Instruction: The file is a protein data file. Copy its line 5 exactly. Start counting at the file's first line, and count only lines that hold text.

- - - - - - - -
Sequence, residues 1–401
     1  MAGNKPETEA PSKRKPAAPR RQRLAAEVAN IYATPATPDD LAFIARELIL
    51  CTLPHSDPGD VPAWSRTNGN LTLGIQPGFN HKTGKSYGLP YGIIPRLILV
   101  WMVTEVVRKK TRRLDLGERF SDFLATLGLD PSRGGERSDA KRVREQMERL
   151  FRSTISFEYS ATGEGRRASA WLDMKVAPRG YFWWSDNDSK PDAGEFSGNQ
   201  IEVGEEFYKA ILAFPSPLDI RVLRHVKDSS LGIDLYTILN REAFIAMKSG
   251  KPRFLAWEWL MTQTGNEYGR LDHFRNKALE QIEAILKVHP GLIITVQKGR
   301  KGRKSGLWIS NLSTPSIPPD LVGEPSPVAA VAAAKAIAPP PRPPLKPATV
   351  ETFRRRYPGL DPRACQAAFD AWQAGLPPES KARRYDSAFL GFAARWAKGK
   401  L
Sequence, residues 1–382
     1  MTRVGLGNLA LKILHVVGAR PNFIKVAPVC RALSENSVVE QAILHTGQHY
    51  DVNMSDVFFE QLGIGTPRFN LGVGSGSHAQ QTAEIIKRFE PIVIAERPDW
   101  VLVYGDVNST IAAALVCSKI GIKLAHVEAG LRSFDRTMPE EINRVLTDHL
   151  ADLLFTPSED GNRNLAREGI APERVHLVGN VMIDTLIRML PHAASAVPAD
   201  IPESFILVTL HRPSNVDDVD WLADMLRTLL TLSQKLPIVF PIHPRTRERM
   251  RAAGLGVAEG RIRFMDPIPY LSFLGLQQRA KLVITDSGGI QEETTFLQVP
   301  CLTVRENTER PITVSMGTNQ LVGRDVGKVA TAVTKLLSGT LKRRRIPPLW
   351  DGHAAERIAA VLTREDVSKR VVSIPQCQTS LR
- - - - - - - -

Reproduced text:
   151  FRSTISFEYS ATGEGRRASA WLDMKVAPRG YFWWSDNDSK PDAGEFSGNQ